Tell something about Modern Railways?


There are three types of modern locomotive - electric, diesel-electric and diesel. On an electric locomotive, the wheels are moved by electric motors (normally one for each pair of wheels). The electricity usually comes from overhead cables, but sometimes from an electrified third rail. On a diesel-electric locomotive, the wheels are also driven by electric motors, but the electricity comes from a generator driven by a powerful diesel engine. On a diesel locomotive, a diesel engine drives the wheels via a mechanical transmission. Diesel locomotives are normally used only for shunting and on low-speed local trains. The fastest express trains, such as the French Train a Grande Vitesse (TGV), are normally electrically powered, with a locomotive at each end.

The TGV runs at 300 kilometres per hour - half as fast again as most express trains - and holds the world-record speed of 515 kilometres per hour. It runs on a purpose-built track, which has few bends, and uses computerized signaling.

The TGV can climb steeper slopes than other trains, allowing its purpose-built track to go straight over hills instead of around them.

Many high-speed expresses run on similar tracks, including the Japanese shinkansen or “bullet” trains, which began operating in 1965. Where purpose-built straight tracks are not possible, speeds can be increased by using tilting trains. These tilt inwards as they go round curves at high speed in the same way as motorcyclists do on the road. Other special trains include magnetic levitation (maglev) trains, which are both supported above their tracks and propelled by magnets. Maglev trains can reach very high speeds because there is no friction between the train and the track.

Picture Credit : Google

I want to be a loco pilot in the Indian Railways

I have done my HSC in Science and I want to be a loco pilot in the Indian Railways. What are the requirements to become a loco pilot in the Indian Railways? When does the notification come and what is the procedure to join them?

The basic qualification to become an Assistant Loco Pilot (ALP) in the Indian Railways is a three year diploma course in Electrical/Electronics/Mechanical/Automobile Engineering from a recognized Board or Institution like IIT. Eligibility for these courses is tenth grade. Selection is through a written test followed by an interview.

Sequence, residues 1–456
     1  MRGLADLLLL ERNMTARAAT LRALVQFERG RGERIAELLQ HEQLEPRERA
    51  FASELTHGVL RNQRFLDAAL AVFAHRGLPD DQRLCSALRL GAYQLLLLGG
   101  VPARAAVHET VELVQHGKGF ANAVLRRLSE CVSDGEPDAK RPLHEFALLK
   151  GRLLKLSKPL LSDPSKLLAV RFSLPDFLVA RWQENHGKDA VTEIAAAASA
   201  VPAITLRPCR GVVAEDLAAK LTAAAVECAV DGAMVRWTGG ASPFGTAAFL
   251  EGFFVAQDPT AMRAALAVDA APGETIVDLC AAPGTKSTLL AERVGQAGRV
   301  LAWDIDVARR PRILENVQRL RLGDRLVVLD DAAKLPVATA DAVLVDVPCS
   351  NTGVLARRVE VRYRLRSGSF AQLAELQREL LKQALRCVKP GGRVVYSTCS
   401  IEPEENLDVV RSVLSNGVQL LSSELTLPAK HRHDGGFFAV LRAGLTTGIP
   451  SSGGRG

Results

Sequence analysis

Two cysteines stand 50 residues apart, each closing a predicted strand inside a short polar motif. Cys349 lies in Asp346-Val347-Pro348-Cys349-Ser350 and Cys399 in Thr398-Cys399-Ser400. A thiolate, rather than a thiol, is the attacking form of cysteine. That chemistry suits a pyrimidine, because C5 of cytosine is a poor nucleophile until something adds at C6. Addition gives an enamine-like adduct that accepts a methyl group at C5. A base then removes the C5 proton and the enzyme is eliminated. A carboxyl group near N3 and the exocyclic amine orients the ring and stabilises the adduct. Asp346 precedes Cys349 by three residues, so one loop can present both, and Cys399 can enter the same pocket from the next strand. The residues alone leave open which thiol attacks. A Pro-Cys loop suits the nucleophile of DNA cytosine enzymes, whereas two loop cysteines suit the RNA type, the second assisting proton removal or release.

The examination is conduction by the respective Railway Recruitment Board (RRB). There are 21 RRB zones in the Indian Railways. Recently, the Indian Railways released the RRB Assistant Loco Pilot Recruitment Notification 2017 to fill approximately 23,801 vacancies.

Loco pilots assist in driving or piloting the train. The job requires continues attention and a high degree of responsiveness. Initially, candidates are appointed as Assistant Local Pilots with goods trains. After getting some experience, they are appointed to passenger trains, later to express trains, superfast trains and the Rajdhani express trains.


Picture Credit : Google

Which mountain railways of India are known for their engineering and scenic views?

The Mountain Railways of India, collectively designated as a United Educational Scientific and Cultural Organization (UNESCO) World Heritage Site, are still fully functional and operational. Three railways form this heritage site – The Darjeeling Himalayan Railway, the Nilgiri Mountain Railway and the Kalka-Shimla Railway. These mountain railways are over a hundred years old and known the world over for their engineering and scenic views. The Mountain Railways of India were first declared a World Heritage Site in 1999. The Darjeeling Himalayan Railway was the first to be declared with the remaining added later.

The Kalka-Shimla Railway

This train route runs between Kalka and Shimla. This narrow-gauge railway was built in 1898 by the British to connect their summer capital of Shimla with the rest of the Indian rail system. H.S. Harington was the chief engineer of the project. At the time of its construction, nearly 107 tunnels and 864 bridges were built throughout its course.

This is a recent addition to the heritage list, after it was added by UNESCO as an extension of the Mountain Railways of India in 2008.

The Nilgiris Mountain Railway

This high-altitude railway connects Udhagamandalam (Ooty) and Mettupalayam. Its construction was first proposed in 1854, but commenced only in 1891. Construction of this 45.88 km long meter-gauge single track railway completed in 1908. It has the steepest track in Asia. The train passes through 16 tunnels, 208 curves and over 350 bridges. It scales from a height of 326m to 2,203m.

It was added to the Mountain Railways of India heritage in 2005 by UNESCO. Prior to its entry, the heritage site was known as Darjeeling Himalayan Railway.

The Darjeeling Himalayan Railway

This railway was the first railway to be inscribed by UNESCO as a World Heritage Site in 1999. The other railways were added later. It is a narrow-gauge railway that connects New Jalpaiguri and Darjeeling. Construction commenced in 1879 and completed in 1881. It runs for a distance of nearly 88km. It travels through different elevations from 100m to 2258m.

Ghum, at 2258m is the highest station on this route and also in India.


Picture Credit : Google